In Review: His Dark Materials (S2-E2) The Cave

Lyra crosses into Will's world and finds it to be very different from her own.
Dark Materials

Synopsis: Lyra crosses into Will’s world and finds it to be very different from her own. After encountering the enigmatic Charles Latrom (Ariyon Bakare), the pair seek out a scholar to help them get answers about Dust. Meanwhile, a calculating Mrs. Coulter (Ruth Wilson) pushes MacPhail (Will Keen) to act, after Graves’s (Sean Gilder) strong performance during the interrogation.



Picking up the story from last week’s ‘His Dark Materials. Lyra and Will journey to Will’s world. There they split up with Lyra visiting a museum and Will attempting to track down his father. Meanwhile, Mrs. Coulter continues manipulating the Magisterium. This week’s episode did another stellar job of juggling numerous characters and viewpoints well. We see Serafina Pekkala and Ruta Skadi argue over what course of action to take, and the condemnation of the witches’ ambassador to the Magisterium. Additionally, Lyra meets a physicist named Mary Malone (Simone Kirby). A fascinating conversation unfolds between Mary and Lyra and we learn that Dust is what we know as dark matter. Furthermore, Will attempts to help his mother financially but ends up visiting his paternal grandparents, who nearly turn him over to the police. Will has an intense conversation with Lyra during which he lambasts her for her irresponsibility. This leads to Lyra revealing the aleitheometer to Will. Macphail is elected to the rank of Cardinal, and the Magisterium wages war on the witches. This episode ends with Mrs. Coulter declaring her intent to search for Lyra and leaving Cardinal MacPhail to his new position.



The dynamic between Lyra and Will is really fun to watch. I’m really loving Dafne Keen’s hot blooded and immature Lyra contrasted with Amir Wilson’s cool headed and rational Will. Wilson shows Will’s anger really believably when Lyra asks about his father. Keen steps up her acting game this week in her scenes with Simone Kirby, showing us a hurting Lyra who misses her childhood friend. Kirby plays the role of everywoman well and sells Mary Malone’s shock at the aleithiometer brilliantly. Ruth Wilson continues to impress as Marisa Coulter, showing Coulter’s restraint and distress at Thorold’s news of Lyra masterfully. Ruta Gedmintas and Jade Anouka get a great tense scene in this episode which both actors impress in. Will Keen shows his ability to convey many emotions this week and Omid Djalili portrays Dr. Lanselius’s comportment in the face of the Magisterium’s hypocrisy to good effect.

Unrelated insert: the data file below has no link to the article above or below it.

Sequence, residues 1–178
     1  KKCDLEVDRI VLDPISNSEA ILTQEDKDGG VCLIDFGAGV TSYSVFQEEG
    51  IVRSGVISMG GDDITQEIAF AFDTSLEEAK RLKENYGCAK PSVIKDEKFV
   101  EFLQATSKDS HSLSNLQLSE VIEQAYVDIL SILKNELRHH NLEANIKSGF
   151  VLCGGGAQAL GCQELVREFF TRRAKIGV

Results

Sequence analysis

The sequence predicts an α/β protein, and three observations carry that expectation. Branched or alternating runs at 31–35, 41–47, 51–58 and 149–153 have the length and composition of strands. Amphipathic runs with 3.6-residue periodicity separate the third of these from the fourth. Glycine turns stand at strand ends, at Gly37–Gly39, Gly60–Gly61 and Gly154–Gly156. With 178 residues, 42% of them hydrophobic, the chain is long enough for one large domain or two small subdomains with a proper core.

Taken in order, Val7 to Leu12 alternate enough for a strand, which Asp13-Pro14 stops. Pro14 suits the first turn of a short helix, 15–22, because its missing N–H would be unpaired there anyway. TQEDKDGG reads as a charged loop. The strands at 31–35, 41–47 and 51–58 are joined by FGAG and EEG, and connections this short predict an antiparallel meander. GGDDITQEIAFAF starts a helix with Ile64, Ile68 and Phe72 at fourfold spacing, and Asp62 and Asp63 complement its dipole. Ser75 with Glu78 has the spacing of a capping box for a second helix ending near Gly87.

The CGI was brilliant. The Magisterium bombs that destroyed the witches’ home were beautiful. They really sold the terror and power that that organisation wields. The daemons are still excellent. The CGI used is however ever so slightly noticeable. The Dust/dark matter communicating through Mary Malone’s computer was hypnotic. It really made the scene it was used in.


Incidental Music

There is so much to love about the incidental music in His Dark Materials. The theme used when Lyra crosses into Will’s world is so secretive and adventurous and really takes us on a journey. Likewise, the theme when Lyra is exploring the museum really captures the adventurousness of being young in a strange new world. The music used in the solicitor scene really brought home what Will was feeling. Also when Lyra was manipulating the computer the music let us feel how significant these events are shaping up to be. Interestingly I thought the use of no theme music during Cardinal MacPhail’s penultimate scene was equally effective and showed us the inhumanity and deadness of the Magisterium’s men. The mournful overture when the Magisterium’s soldiers were loading the bombs was brilliant, especially interspersed with the scenes of MacPhail being anointed Cardinal.



Another strong outing for what is shaping up to be a brilliant series.

  • Story
  • Acting
  • CGI
  • Incidental Music

Autistic writer who loves sci-fi, cosplay and poetry. Actor with Theatre of the Senses. He/him.
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